September 10, 2012

Optics leaders tout role in nation's economy

By: Matthew Daneman

Source: Rochester Democrat and Chronicle

Industry is vital to economy, but feels it lacks respect

If one man embodies the nation’s optics, photonics and imaging companies collectively, it might be Rodney Dangerfield.

“We’d like to get some respect,” University of Rochester Associate Dean Wayne Knox preached to the choir Monday at the Rochester Regional Photonics Cluster’s annual meeting.

About 200 area optics industry executives and educators crowded the Rochester Museum & Science Center for presentations and a panel talk about how important optics is to the local and national economies and yet how it gets short shrift by state and federal policy makers compared to some sexier industries, like nanotechnology.

The centerpiece of the meeting was the presentation of “Optics and Photonics, Essential Technologies for Our Nation,” a report released in August by the National Research Council of the National Academies. The report tries to lay out the huge place optics plays in the nation’s economy —282 publicly traded companies representing $3 billion in revenues and 7.4 million workers, not counting the legions of small, privately held companies.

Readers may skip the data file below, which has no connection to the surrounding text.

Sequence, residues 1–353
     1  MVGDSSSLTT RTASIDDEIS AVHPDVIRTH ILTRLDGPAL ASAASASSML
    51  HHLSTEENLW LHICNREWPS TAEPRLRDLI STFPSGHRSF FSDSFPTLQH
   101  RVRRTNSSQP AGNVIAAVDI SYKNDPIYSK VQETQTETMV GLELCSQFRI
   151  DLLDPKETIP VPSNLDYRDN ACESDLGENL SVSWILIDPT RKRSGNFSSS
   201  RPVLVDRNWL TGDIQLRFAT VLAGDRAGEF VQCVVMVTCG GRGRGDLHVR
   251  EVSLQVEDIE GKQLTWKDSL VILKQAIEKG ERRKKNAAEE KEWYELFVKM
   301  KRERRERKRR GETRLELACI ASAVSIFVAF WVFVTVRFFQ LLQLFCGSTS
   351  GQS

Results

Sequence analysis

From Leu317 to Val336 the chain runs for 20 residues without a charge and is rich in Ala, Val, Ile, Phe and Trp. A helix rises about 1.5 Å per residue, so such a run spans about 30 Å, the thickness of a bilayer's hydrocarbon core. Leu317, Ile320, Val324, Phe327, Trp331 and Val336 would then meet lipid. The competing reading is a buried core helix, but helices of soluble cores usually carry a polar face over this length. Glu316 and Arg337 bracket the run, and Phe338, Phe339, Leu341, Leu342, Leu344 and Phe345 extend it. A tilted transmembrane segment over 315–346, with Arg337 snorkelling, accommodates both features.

The report argues for a National Photonics Initiative that would see academic, corporate and government researchers and policy makers jointly create a unified approach to business and governmental research-and-development spending on phototonics.

While the United States currently dominates the optics field in many ways, “that’s not a God-given right,” said Paul McManamon, technical director of the Ladar and Optical Communications Institute at the University of Dayton in Ohio. In terms of broader support for the optics industry, he said, “Germany gets it. China gets it.”

Part of the challenge the optics industry faces for getting more attention from government policy makers is a public relations one, said Kent Gardner, chief economist and research officer at the Center for Governmental Research.

“Saying we’re important to everything is a tough sales job,” Gardner said. “A lot of that is about coming up with a good storyline.”

Alain Kaloyeros, CEO of the State University at Albany’s College of Nanoscale Science and Engineering, which has received hundreds of millions of state tax dollars, “is a very, very effective salesman,” Gardner said.The Regional Photonics Cluster, along with UR, Monroe Community College and High Tech Rochester, is seeking U.S. Energy Department grant money to re-establish the National Center for Optics Manufacturing to allow design and manufacturing work of particular cutting edge optics.

“There is no better place for a national center than here,” said cluster Executive Director Thomas Battley.